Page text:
The appendicularians, planktonic tunicates, possess a specialized, external filtering system that captures food particles <1 μm in size. In this work the alimentary canal of Oikopleura dioica has been studied by serial sections of whole animals and ultrastructure. The gut includes a dorsal esophagus, a bilobed saccular stomach, and a curved intestine, divided into vertical, mid-, and distal intestine (or rectum). No multicellular glands or cellular proliferative centers were found. Three main cell types were recognized, ciliated microvillar cells, globular cells and gastric band cells, with specializations reflecting different physiological roles in the various regions. Ciliated microvillar cells, the most diffuse, are considered to be involved in food propulsion, fecal pellet formation, absorption, and nutrient storage. Pinocytotic features and vacuoles suggest that absorption of macromolecules and intracellular digestion occur in the globular cells of the stomach and rectum. The large gastric band cells of the left lobe have typical features of intense protein synthesis and probably produce enzymes for extracellular digestion. Diffuse interdigitations of many cells enormously increase the plasmalemma surface and may be involved in liquid/ion exchange. Despite the apparent structural simplicity of the gut epithelium, O. dioica efficiently processes food to fulfill the energy requirements of its exceptionally rapid life-cycle.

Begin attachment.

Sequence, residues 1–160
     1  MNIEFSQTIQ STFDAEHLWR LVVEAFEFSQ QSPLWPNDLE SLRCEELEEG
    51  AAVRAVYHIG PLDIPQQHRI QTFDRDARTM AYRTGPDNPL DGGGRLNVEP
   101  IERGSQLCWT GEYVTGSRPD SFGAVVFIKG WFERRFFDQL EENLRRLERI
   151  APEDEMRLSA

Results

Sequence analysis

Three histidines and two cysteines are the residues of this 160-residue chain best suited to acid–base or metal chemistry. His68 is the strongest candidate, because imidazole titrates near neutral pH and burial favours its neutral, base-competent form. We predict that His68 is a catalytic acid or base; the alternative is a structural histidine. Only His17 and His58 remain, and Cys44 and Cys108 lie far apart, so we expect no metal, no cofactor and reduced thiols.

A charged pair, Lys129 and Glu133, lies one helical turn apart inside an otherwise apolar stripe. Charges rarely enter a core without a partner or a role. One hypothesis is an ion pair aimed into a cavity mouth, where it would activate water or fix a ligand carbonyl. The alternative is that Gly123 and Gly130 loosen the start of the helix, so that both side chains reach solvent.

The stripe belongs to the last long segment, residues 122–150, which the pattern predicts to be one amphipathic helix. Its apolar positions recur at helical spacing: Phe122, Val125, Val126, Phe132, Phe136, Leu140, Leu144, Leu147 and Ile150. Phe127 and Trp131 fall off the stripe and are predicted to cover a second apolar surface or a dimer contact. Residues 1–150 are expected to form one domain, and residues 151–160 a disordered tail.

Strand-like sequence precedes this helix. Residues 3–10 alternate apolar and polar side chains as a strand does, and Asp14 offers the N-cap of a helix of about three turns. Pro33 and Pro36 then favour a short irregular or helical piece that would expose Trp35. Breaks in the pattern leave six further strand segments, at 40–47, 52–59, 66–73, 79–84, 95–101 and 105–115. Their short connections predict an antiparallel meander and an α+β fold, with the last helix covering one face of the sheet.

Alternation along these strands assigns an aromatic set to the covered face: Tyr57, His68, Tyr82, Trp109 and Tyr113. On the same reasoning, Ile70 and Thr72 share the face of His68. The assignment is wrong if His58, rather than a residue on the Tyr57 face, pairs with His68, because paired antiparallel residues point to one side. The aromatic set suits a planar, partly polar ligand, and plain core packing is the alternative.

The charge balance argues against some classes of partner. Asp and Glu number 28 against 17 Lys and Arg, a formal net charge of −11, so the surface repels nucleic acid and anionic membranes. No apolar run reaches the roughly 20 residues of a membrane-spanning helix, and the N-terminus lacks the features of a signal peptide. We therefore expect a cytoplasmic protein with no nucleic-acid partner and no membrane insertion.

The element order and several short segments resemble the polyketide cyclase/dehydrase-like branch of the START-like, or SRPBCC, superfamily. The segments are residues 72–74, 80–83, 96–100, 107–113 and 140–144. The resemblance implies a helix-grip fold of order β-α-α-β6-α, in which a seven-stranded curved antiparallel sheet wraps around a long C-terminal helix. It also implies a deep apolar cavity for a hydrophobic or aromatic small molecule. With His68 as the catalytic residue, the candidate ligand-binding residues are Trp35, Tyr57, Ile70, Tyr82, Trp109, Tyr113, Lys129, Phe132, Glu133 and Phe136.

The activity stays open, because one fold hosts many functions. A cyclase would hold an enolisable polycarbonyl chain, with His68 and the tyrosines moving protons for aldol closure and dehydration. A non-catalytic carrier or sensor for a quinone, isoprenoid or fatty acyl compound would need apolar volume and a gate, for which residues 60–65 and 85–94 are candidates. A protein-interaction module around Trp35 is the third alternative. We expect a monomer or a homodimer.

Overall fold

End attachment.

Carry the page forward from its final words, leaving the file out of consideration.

Gut ultrastructure of the appendicularian Oikopleura dioica (Tunicata)

BURIGHEL, PAOLO;CIMA, FRANCESCA
2001

Abstract

The appendicularians, planktonic tunicates, possess a specialized, external filtering system that captures food particles <1 μm in size. In this work the alimentary canal of Oikopleura dioica has been studied by serial sections of whole animals and ultrastructure. The gut includes a dorsal esophagus, a bilobed saccular stomach, and a curved intestine, divided into vertical, mid-, and distal intestine (or rectum). No multicellular glands or cellular proliferative centers were found. Three main cell types were recognized, ciliated microvillar cells, globular cells and gastric band cells, with specializations reflecting different physiological roles in the various regions. Ciliated microvillar cells, the most diffuse, are considered to be involved in food propulsion, fecal pellet formation, absorption, and nutrient storage. Pinocytotic features and vacuoles suggest that absorption of macromolecules and intracellular digestion occur in the globular cells of the stomach and rectum. The large gastric band cells of the left lobe have typical features of intense protein synthesis and probably produce enzymes for extracellular digestion. Diffuse interdigitations of many cells enormously increase the plasmalemma surface and may be involved in liquid/ion exchange. Despite the apparent structural simplicity of the gut epithelium, O. dioica efficiently processes food to fulfill the energy requirements of its exceptionally rapid life-cycle.
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Utilizza questo identificativo per citare o creare un link a questo documento: http://hdl.handle.net/11577/2460260
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